Market Insight

Australian free-to-air (FTA) broadcasters turn to online video business as TV advertising growth slows down

September 03, 2014  | Subscribers Only

Kia Ling Teoh Kia Ling Teoh Senior Research Analyst, Advertising and Television Media
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Australian free-to-air broadcaster, Nine Entertainment has established an AUD 100 million (EUR 71 million) partnership with Fairfax Media in launching a new subscription video on demand (SVOD) service, StreamCo. The online video platform will be operated independently and is expected to launch in the first half of 2015.

StreamCo’s portfolio will include local and international programs, both Nine’s and other newly-produced originals. The service will be made available to subscribers who pay a fixed fee across platforms including internet television, tablets, desktops and mobile. 

Our analysis

Both Seven and Nine Network reported single digit growth in television revenues in their latest financial report, while IHS forecasts TV ad revenue to grow 2.0% in 2014. This portrays a rather slow outlook for the metropolitan TV advertising market in the upcoming quarter. Advertising accounts for the vast majority of broadcaster revenues and as growth has been sluggish over the last few years, broadcasters are exploring new revenue streams. 


In July 2014, Nine bought up Home Box Office (HBO)’s stake in Quickflix, a key SVOD player in the Australian online video market alongside with Foxtel’s Presto. Quickflix, reported loss from 2012 to 2014; however, had started to pick up in the first half of 2014 with 123,000 subscribers. The launching of StreamCo indicates Nine’s intention to further exploit its first-mover advantage and to widen its customer base in SVOD service.  It is currently the second most watched network after Seven. Given its influence, combined with Fairfax’s existing audience share (i.e. a customer base of 300,000 covering its newspaper, radio and digital business, notably The Sydney Morning Herald and The Age); IHS predicts consolidated market share of Nine to increase substantially in the next half year.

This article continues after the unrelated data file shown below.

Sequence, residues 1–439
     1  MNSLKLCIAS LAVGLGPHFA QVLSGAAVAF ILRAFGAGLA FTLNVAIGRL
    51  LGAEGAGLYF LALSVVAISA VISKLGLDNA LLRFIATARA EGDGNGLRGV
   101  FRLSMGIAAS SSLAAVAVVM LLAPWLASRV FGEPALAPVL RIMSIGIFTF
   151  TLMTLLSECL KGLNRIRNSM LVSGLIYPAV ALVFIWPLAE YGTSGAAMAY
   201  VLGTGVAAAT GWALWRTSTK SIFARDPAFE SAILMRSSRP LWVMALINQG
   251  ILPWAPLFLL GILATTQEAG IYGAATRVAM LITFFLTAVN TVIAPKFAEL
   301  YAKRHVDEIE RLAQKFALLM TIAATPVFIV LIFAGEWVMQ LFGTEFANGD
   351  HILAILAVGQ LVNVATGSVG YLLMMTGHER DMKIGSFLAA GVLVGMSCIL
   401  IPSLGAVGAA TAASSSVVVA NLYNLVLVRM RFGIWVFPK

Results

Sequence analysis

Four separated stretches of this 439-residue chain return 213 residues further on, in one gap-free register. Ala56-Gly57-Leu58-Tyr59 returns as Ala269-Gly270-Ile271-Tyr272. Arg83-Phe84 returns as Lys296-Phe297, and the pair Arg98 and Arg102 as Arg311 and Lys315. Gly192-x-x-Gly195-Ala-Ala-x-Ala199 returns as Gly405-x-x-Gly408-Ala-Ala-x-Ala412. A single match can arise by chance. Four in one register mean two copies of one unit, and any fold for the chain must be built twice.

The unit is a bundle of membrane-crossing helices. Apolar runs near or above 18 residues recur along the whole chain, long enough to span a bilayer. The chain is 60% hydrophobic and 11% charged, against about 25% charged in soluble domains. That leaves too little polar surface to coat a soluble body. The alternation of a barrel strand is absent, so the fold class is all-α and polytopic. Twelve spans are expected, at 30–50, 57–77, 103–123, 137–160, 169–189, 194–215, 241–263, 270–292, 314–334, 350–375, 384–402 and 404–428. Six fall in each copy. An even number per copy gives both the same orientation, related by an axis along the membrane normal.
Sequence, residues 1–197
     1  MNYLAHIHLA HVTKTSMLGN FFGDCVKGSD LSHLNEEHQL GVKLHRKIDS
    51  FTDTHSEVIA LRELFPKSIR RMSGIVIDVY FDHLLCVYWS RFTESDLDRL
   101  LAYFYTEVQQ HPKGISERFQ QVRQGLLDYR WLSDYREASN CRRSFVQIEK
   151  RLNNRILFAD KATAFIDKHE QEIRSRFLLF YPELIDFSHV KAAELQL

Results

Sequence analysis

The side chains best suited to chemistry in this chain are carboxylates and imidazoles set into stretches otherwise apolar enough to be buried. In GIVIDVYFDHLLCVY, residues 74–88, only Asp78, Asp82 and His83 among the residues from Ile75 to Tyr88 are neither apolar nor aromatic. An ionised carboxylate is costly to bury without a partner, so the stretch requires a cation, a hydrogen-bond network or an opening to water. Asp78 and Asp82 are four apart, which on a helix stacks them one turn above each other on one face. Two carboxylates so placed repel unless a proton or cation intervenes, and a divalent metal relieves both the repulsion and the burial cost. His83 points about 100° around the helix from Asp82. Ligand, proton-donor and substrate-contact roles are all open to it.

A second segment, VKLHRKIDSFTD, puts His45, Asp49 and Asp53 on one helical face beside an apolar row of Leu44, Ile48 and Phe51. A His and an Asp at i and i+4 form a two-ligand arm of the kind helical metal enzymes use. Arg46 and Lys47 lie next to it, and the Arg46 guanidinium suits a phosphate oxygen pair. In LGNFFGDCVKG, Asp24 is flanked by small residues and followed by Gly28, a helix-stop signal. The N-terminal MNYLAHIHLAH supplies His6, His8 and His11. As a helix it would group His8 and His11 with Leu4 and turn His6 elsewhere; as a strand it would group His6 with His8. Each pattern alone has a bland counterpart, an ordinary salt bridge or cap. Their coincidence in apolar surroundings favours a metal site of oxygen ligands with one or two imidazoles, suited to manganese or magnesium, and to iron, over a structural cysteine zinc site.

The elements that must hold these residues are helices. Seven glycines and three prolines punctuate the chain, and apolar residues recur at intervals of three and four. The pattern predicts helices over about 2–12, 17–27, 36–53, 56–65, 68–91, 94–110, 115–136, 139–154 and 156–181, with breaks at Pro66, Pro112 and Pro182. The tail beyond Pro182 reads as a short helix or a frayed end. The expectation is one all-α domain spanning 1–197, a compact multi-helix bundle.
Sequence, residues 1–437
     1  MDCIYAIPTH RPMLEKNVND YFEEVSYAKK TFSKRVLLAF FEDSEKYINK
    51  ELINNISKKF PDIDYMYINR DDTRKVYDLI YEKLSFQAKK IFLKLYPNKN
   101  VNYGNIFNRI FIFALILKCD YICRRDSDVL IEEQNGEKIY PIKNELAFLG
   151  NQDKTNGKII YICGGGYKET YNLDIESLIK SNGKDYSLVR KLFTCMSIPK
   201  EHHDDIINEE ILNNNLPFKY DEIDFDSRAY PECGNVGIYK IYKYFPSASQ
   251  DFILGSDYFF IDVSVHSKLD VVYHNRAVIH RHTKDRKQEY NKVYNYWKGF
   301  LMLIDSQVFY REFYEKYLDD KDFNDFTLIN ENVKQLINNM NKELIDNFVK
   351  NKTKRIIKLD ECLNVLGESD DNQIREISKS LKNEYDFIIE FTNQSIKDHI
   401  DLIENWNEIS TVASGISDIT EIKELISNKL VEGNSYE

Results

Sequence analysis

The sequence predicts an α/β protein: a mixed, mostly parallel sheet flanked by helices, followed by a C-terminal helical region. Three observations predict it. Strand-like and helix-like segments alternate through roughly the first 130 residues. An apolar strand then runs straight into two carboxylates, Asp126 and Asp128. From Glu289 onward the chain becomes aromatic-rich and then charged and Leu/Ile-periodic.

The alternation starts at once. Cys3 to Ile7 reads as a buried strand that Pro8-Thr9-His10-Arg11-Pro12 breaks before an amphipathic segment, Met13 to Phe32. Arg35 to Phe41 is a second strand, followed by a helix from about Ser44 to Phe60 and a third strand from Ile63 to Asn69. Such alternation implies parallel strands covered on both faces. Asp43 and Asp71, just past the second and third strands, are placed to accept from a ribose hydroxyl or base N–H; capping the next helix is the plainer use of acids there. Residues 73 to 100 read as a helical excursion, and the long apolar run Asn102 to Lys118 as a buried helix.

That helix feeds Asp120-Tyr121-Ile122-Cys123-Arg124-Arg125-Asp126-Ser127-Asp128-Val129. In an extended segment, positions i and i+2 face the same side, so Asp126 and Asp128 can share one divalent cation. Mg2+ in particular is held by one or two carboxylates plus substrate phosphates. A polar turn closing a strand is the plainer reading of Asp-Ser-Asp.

Seven has a 41.3% audience share in first half of 2014, according to Free TV - the industry representative of Australian FTA networks. Though it continues to lead the FTA TV market, the broadcaster has acknowledged the potential in online TV (and advertising) where it currently lags. After reporting a 2.5% growth in television advertising in the financial year ended 30 June 2014, the company must diversify its revenue generation. It currently operates online catch-up tv platforms, Plus 7 and Yahoo!7. IHS expects Seven to jump on the bandwagon of SVOD services, either through acquisition or partnership. Being the biggest content exporter among all privately-owned FTA networks in Australia, SVOD is an opportunity to monetize its portfolio locally and/or abroad. Besides having the highest ratings, Seven’s healthy financial position gives the company the opportunity to follow in Nine’s footsteps in online video, but the broadcaster is taking a more restrained approach, choosing to enter with caution. After Nine announced the aforementioned deal, Seven hinted at a possible partnership with Foxtel which had launched SVOD service, Presto in early 2014.


As opposed to Seven, Ten’s content portfolio is seen to be ageing and thus, inferior in ratings. One of Ten’s strategies has been to target the younger demographic. Its online platform Ten Play was launched in September 2013 and has received positive response. It continued to recognize the importance of digital offerings when it partnered with Twitter Amplify to publish real-time video content (and advertisements) through Twitter feeds. However, IHS does not expect Ten to enter the SVOD market in 2014 as the company is still in the midst of recovering from the AUD 243 million (EUR 174 million) loss in 2013 mainly due to mismanagement. The company reported trimmed loss of AUD 8 million (EUR 6 million) in April 2014.

This is accompanied by Seven’s and Nine’s recent plan to lobby the government for an extra six minutes of advertisements earlier in the same month. Though unlikely, if the concession is approved, Ten’s positioning will be further threatened. Regaining audience share will be decelerated as viewers are expected to be turned off by the lengthy advertisements.   

As a whole, local FTA broadcasters are seen to be striving to diversify their businesses in the softening FTA TV market scene, turning to SVOD services and the online video space. SVOD service in Australia is rather nascent, thus, having more room to grow. Nine predicts that 3 to 4 million Australians would be paying for SVOD service by 2020. If they want to succeed, broadcasters must act quickly to claim market share before the anticipated arrival of Netflix on Australian soil.  


Research by Market
Media & Advertising
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